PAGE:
The main effect we've noticed is that it's making him sleepy earlier in the evening but then he's waking up much earlier in the morning... sigh. When we do things with him to keep him up 'till 9:00 pm he sleeps later, so it appears that we'll be able to manage this "blip". We haven't noticed much effect on "thoughts" & tics- although B is definitely getting better at telling us what's making him tic, which allows us to "pull it out of his head" & talk about it. For example, sometimes I'll ask him if we can change something in his environment that's making him tic & he'll give me a cagey "it would make things worse to remove it..." answer. Lately, he can tell me that it's, say, his feet that are making him tic (or his thumbs, or his left hand). I have found that talking about it helps- I'll hold the offending foot & tell him how great it is, & he'll start ticcing but soon calm down & stop entirely. He's also gotten better about meat & meat-like things (like veggie corn dogs) & that was the result of talking, too. I explained the balance of nature to him & that some animals might starve to death if they were not used for food, especially since so many of the predators have been killed by humans (OK- I know that this is not the most balanced picture & ignores completely the way humans often inhumanely use cattle & chickens as food animals, but my goal is to allow my kid to make a balanced choice about what he eats, not one driven by horrific OCD "thoughts" & fears... & yes, I am a vegetarian, but I still want this to be his choice & not something imposed on him). A couple of days later B told me that he thought it was good that humans are omnivores, & soon he was able to hear the word "meat" without ticcing, & eat his veggie corn dogs again.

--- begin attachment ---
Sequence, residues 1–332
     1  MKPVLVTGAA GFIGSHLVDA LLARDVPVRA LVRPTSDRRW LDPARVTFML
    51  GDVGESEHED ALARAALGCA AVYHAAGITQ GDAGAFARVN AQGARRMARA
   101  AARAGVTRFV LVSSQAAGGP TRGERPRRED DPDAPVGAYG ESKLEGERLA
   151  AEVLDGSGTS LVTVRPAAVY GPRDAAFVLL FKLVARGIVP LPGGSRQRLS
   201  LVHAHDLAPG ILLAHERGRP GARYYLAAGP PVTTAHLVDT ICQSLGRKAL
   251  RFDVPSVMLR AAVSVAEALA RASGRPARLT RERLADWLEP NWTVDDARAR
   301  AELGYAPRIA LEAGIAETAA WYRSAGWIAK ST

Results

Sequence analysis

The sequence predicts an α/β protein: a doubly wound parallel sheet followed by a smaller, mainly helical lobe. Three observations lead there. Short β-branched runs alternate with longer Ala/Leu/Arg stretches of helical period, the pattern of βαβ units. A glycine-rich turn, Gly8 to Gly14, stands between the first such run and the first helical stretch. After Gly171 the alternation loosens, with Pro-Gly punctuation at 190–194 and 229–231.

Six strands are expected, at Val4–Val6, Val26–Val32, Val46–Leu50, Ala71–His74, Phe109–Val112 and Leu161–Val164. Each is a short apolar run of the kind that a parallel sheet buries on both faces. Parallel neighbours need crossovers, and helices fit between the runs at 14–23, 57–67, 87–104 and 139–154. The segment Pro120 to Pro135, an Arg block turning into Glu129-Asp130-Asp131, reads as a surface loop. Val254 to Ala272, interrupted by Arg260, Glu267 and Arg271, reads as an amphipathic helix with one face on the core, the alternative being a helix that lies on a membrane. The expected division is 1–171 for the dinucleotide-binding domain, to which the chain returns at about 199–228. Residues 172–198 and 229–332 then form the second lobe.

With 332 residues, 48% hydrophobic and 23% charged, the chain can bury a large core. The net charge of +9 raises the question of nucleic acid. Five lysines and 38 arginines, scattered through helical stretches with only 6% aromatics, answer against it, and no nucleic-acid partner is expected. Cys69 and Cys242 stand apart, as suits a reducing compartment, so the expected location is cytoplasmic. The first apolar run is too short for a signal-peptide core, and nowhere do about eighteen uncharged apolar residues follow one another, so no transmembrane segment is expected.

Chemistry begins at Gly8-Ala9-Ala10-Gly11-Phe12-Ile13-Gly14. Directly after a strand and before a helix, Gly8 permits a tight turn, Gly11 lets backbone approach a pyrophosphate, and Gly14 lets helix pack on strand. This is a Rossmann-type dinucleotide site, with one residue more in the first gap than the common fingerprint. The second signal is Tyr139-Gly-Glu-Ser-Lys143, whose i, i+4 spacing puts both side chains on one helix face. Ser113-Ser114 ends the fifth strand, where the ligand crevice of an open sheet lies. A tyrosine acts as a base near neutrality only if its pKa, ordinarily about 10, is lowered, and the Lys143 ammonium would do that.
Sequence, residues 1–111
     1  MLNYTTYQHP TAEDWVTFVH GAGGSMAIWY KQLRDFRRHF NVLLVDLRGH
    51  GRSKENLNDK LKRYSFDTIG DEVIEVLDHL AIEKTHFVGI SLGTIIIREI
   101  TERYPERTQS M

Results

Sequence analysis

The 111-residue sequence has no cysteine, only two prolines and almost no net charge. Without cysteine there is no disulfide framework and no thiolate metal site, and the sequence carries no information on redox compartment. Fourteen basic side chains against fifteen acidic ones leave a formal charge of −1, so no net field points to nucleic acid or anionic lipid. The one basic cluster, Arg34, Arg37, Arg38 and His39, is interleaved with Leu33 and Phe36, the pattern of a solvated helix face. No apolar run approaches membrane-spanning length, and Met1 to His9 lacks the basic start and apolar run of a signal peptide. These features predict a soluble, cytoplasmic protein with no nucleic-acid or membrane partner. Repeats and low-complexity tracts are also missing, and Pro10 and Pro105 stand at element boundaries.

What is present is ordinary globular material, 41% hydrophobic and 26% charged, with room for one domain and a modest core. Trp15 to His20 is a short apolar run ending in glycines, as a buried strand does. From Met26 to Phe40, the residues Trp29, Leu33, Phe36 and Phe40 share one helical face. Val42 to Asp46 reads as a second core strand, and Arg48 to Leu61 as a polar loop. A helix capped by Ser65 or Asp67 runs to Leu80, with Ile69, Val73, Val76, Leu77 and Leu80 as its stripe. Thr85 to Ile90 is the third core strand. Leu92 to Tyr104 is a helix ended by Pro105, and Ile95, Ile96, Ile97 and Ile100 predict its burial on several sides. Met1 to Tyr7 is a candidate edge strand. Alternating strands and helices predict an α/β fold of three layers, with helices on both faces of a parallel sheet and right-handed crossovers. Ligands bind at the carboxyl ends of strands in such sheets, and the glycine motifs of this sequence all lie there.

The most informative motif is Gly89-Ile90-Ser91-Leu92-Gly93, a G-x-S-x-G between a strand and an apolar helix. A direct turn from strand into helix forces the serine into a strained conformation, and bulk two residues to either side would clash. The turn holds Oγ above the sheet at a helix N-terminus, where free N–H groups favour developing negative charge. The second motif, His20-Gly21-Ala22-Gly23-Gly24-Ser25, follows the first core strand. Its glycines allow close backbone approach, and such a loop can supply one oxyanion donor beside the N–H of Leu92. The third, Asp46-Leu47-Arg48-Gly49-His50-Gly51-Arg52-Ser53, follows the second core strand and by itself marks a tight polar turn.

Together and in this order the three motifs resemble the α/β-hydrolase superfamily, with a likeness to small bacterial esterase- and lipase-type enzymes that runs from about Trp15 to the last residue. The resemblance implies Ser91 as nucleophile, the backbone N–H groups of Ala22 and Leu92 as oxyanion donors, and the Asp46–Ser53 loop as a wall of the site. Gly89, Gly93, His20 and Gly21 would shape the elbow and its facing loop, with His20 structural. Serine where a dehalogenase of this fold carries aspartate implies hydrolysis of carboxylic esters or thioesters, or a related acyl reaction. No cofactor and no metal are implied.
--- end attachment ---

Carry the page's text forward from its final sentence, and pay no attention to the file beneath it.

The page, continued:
At the risk of sounding looney, we've developed another way to help us all cope with B's constant & unpredictable tics... we've made a sort of game of it. It started one night at dinner when we were discussing what to make this past Saturday evening for a special dinner with my visiting aunt & uncle from Ottawa. I suggested lasagna, which set B off on a major tic attack (he doesn't like the smell of lasagne...). The next thing C mentioned also set B off, which struck us a funny (for some reason- maybe you had to be there)... so I started saying random things like "shoe" to see if B would tic. He got this sweet little grin on his face & proceded to tic no matter what I said, but they were obviously fake tics, whcih cracked everybody up even more.
We've played this "game" a couple of other times when the tics have been out of hand & it's diffused things pretty nicely. Go fig...